1945—Nuremberg Trials Begin
In Nuremberg, Germany, in the Palace of Justice, the trials of prominent members of the political, military, and economic leadership of Nazi Germany begin. Among the men tried were Martin Bormann (in absentia), Hermann Göring, Rudolph Hess, and Ernst Kaltenbrunner.
1984—SETI Institute Founded
The SETI Institute, a not-for-profit organization dedicated to the search for extra-terrestrial intelligence, the discovery of extrasolar planets, and the habitability of the galaxy, is founded in California by Thomas Pierson and Dr. Jill Tarter.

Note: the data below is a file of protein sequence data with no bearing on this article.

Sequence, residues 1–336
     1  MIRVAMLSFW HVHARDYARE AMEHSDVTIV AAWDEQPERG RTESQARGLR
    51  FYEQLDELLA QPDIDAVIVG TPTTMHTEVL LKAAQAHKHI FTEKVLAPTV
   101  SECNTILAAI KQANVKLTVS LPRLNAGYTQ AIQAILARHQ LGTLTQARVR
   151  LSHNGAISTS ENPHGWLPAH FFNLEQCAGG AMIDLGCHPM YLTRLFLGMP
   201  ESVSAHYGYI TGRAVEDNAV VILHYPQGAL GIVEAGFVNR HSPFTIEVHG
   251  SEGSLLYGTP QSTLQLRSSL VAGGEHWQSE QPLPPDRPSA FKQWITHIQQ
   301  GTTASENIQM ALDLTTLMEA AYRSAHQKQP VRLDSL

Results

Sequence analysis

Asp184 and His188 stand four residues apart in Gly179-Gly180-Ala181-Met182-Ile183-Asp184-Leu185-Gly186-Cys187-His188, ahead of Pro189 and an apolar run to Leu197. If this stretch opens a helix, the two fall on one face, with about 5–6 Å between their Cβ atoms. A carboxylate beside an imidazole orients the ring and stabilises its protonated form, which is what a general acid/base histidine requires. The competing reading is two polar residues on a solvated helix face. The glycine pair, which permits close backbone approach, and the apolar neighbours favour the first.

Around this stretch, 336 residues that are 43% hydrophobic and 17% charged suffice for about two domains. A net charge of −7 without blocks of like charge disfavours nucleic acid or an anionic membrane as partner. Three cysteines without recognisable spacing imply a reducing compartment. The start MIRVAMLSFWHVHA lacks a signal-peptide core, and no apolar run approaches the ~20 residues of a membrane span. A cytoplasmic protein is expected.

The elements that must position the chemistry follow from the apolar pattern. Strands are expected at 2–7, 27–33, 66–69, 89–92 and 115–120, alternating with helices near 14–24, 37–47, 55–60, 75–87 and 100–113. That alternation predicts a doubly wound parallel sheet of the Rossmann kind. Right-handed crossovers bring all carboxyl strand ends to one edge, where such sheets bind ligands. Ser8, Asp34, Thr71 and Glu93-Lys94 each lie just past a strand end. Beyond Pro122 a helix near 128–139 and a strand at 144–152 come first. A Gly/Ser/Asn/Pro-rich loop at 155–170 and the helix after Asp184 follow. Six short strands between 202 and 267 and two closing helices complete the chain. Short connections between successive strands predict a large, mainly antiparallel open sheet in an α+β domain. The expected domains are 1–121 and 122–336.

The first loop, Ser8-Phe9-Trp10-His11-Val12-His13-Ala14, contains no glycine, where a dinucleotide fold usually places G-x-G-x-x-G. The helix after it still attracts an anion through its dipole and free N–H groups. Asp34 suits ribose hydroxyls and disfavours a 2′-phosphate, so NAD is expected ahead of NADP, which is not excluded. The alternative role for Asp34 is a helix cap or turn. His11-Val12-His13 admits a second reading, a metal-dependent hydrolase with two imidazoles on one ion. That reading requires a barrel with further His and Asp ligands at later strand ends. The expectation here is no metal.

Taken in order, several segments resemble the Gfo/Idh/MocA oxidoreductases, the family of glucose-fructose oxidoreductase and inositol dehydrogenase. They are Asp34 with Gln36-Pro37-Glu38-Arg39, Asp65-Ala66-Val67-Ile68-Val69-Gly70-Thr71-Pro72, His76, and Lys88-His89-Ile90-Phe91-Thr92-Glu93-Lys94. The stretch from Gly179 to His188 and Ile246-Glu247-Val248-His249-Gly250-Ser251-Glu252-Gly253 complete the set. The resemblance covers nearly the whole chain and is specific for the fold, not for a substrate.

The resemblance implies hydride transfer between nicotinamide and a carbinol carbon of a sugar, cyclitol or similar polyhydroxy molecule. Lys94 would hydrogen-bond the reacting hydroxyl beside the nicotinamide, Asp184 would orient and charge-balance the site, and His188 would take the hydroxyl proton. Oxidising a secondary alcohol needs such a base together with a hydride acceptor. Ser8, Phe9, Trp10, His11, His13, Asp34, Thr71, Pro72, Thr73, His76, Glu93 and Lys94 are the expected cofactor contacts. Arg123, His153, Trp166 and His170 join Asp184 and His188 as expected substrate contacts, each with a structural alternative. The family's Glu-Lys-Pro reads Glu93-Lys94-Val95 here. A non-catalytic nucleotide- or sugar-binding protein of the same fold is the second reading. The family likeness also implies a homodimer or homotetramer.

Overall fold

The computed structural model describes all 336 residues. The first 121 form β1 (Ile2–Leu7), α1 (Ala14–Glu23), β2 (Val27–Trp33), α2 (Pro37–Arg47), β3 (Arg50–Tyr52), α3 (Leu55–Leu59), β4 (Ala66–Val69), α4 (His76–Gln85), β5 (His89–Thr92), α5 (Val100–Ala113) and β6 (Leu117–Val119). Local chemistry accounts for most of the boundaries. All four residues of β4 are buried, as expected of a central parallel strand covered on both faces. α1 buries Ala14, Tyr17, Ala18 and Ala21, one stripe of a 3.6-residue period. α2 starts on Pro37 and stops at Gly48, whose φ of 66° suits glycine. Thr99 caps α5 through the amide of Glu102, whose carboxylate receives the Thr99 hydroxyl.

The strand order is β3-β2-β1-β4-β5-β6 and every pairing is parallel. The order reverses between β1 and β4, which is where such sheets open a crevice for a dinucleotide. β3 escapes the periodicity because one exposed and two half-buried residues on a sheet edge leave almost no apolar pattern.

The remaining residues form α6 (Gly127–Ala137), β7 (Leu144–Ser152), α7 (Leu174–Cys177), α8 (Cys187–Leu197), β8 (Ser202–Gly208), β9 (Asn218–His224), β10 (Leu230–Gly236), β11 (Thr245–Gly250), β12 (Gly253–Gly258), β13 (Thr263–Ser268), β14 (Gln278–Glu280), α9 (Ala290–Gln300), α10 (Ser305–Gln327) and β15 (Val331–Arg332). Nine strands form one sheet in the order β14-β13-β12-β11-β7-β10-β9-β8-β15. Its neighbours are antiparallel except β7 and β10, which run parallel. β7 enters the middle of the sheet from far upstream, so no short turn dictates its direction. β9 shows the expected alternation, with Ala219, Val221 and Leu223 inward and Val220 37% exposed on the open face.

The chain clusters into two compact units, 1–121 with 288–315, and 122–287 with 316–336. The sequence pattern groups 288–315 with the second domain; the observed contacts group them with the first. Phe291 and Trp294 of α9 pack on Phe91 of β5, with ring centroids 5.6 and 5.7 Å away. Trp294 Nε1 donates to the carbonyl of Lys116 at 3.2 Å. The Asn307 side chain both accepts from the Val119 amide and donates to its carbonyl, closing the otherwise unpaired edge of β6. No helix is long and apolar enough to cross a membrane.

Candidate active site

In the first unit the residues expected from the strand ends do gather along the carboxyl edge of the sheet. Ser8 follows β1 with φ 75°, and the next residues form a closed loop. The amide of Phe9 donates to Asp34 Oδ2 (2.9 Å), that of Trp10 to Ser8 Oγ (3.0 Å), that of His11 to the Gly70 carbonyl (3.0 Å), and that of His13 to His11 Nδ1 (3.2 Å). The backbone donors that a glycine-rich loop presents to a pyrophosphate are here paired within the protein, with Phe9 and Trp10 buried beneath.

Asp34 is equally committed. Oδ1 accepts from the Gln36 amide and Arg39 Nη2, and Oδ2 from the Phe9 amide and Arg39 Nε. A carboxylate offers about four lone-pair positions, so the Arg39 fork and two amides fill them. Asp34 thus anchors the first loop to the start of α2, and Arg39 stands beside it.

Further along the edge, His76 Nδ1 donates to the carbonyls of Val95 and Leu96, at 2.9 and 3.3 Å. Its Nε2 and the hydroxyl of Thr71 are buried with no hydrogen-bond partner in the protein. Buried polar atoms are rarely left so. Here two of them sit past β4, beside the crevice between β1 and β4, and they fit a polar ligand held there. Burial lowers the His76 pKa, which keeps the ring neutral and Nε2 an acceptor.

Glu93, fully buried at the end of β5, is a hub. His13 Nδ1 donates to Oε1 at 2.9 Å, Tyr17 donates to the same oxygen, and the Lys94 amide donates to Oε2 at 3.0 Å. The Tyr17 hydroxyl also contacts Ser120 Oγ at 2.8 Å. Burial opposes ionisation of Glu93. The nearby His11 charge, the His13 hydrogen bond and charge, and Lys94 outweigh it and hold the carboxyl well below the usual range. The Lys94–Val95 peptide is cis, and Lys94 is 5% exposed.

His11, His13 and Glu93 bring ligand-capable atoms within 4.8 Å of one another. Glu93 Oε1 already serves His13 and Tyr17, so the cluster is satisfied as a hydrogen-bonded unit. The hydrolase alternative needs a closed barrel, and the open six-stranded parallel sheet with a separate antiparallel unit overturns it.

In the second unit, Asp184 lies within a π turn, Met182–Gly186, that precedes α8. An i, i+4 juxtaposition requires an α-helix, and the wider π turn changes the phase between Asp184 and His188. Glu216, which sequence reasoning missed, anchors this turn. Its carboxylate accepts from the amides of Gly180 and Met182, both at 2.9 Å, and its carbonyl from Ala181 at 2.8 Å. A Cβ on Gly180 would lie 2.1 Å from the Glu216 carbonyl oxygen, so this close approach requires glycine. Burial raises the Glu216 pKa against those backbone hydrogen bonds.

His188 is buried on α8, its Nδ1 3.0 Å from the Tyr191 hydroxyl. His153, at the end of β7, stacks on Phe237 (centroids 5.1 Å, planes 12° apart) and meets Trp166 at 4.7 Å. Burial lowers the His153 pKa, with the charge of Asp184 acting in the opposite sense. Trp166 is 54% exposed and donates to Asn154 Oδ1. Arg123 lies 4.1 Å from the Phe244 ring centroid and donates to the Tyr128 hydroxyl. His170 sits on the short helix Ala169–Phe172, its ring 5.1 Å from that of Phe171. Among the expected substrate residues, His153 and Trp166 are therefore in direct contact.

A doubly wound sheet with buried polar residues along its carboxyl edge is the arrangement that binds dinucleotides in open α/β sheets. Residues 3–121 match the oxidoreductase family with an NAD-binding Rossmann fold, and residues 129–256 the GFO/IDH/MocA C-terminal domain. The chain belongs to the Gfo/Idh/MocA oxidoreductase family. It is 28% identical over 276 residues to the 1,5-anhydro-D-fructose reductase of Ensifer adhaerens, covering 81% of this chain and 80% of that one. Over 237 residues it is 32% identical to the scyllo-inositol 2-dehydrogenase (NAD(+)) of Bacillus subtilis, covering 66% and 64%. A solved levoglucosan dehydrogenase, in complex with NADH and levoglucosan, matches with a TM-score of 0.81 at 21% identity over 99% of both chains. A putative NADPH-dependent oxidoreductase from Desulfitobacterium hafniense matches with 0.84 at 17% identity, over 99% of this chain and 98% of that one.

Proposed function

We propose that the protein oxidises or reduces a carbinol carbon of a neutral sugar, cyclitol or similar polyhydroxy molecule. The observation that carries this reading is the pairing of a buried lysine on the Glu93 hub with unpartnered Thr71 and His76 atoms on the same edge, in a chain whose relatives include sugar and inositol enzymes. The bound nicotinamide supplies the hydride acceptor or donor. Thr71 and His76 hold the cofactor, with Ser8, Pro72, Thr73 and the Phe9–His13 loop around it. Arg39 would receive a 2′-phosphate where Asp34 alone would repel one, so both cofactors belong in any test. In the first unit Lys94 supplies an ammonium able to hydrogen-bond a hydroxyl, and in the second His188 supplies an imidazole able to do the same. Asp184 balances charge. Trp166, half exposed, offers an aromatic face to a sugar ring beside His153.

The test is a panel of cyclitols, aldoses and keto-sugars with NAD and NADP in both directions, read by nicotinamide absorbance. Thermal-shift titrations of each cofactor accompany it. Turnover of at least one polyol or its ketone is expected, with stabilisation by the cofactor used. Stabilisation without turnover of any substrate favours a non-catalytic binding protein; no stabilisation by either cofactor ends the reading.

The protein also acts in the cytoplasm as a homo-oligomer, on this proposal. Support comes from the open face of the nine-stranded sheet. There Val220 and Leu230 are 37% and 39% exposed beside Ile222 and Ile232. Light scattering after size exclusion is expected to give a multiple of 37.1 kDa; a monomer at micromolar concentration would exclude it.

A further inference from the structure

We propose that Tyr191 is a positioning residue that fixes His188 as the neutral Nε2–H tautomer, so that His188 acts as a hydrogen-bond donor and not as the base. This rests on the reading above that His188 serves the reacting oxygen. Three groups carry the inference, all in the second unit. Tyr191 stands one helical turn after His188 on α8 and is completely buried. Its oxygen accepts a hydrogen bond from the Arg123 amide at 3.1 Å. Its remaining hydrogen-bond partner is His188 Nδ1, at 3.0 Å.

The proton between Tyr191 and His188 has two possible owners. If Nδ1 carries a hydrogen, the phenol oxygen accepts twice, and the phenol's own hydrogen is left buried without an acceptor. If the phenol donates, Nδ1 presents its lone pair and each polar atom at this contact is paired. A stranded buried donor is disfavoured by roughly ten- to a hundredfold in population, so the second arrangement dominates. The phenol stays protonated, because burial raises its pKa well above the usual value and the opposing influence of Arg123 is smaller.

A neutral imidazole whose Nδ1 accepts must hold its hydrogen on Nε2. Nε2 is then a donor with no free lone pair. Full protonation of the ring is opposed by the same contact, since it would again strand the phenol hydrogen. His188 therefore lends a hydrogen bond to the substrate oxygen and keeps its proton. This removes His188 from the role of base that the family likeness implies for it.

1916—Goldwyn Pictures Formed
In the U.S.A., Samuel Goldfish and Edgar Selwyn establish Goldwyn Pictures, which becomes one of the most successful independent film studios in Hollywood. Goldfish also takes the opportunity to legally change his last name to Goldwyn.